The 50th anniversary of the 16th Street church bombing in Birmingham, Ala., was sandwiched on either side by two stories of race relations that challenge our impulse to celebrate how far we’ve come.
Last week, news broke that two African-American college students at the University of Alabama, located just 50 miles west of Birmingham, were denied entry into several white sororities, at the behest, not of current sorority members who voted for them, but of older alumnae officers of the clubs. Then on Saturday, police in Charlotte, N.C., killed Jonathan Ferrell, a 24-year-old unarmed African-American man.
Ferrell, who apparently had wrecked his pickup truck, ran to the first home for help, only to have the door slammed in his face by an elderly white lady who alerted the police that he was a home invader. When they arrived, he ran toward them, only to have Officer Randall Kerrick, the only officer to draw his weapon, shoot him down like a rabid dog. Kerrick has been charged with voluntary manslaughter.
This senseless, needless murder of Ferrell harkens back quite directly to the events of Sept. 15, 1963, a day where six black children lost their lives. In addition to the four girls killed at 16th Street, a 16-year-old boy named Johnny Robinson was shot in the back by a Birmingham police officer that day for allegedly throwing rocks at white cars. Perhaps the mark of progress is not that black men and boys are now allowed to live and move freely, but that the state-sanctioned vigilantes who take their lives at least get charged with the crimes.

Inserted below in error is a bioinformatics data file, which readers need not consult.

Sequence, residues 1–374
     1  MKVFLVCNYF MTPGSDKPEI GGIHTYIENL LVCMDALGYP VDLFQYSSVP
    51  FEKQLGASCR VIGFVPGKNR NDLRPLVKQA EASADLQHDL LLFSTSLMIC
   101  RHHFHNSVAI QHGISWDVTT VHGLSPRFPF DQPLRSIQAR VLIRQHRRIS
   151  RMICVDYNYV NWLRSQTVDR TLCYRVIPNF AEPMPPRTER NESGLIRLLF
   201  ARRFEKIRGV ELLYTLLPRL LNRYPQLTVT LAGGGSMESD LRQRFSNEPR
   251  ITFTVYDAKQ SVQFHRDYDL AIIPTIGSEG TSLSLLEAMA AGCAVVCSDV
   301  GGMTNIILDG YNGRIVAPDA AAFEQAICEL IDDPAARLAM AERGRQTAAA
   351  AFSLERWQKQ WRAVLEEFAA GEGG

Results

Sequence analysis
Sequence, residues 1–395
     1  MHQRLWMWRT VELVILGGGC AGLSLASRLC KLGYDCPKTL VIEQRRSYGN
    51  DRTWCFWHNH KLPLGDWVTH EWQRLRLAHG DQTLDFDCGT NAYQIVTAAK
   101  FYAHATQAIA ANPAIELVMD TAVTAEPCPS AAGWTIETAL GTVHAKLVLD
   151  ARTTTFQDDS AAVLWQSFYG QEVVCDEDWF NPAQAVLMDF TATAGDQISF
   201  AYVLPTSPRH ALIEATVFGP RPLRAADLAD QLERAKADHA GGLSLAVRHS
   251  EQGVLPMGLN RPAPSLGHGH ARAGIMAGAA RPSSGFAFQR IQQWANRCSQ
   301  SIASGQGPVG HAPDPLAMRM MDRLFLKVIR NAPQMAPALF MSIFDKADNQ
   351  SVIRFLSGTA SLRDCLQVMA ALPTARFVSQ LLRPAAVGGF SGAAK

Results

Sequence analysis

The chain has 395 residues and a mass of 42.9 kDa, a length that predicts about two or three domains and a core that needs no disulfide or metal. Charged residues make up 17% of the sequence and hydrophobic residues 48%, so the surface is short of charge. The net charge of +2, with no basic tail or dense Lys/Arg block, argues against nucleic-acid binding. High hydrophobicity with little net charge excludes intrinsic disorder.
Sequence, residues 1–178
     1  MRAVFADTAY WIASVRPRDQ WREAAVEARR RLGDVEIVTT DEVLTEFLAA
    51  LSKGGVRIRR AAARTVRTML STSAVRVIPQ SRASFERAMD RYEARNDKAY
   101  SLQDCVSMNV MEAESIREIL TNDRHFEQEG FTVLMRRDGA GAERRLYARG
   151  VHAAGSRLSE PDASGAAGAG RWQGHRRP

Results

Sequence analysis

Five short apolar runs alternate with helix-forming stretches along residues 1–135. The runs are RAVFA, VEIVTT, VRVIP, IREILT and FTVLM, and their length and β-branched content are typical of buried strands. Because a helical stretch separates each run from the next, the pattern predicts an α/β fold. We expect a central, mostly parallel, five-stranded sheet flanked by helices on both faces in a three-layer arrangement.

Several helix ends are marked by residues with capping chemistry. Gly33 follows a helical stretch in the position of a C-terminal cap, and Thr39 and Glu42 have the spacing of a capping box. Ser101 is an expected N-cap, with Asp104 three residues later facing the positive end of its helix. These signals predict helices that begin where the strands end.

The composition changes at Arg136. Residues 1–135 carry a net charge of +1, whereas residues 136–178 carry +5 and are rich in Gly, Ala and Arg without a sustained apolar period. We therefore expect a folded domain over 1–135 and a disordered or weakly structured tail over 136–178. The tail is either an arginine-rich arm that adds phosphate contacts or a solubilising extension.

Yeah … that doesn’t make me feel any better. The goal here is preventing the unsanctioned murder of innocent black people. Nothing short of this can be considered progress. Nothing short of this is worthy of celebration. Nothing short of this should allow us to sleep peacefully at night.
And lest we fall into the fallacy of telling ourselves that any elderly woman would have shut the door on any football-player-size man, no matter their race, let us not forget the story of Glenda Moore, an African-American nurse, wife and mom who lost her 4-year-old and 2-year-old sons during Hurricane Sandy, when white homeowners in the neighborhood where her car was flooded refused to let her in or call 911 after hearing her frantic knocking and screaming for help. Her sons were swept away in the flood.
Set alongside this taking of black life – loss is too passive a term in either case -- the woes of a black would-be sorority girl seem utterly frivolous by comparison. Yet the University of Alabama also celebrated the 50th anniversary of its storied desegregation this year. It seems shocking that integration stories still matter 50 whole years after the first one took place. And it is heartening that several current white sorority members were so incensed by the edicts sent down from their higher-ups, that they named names and expressed disgust that their attempts at progress were being blocked.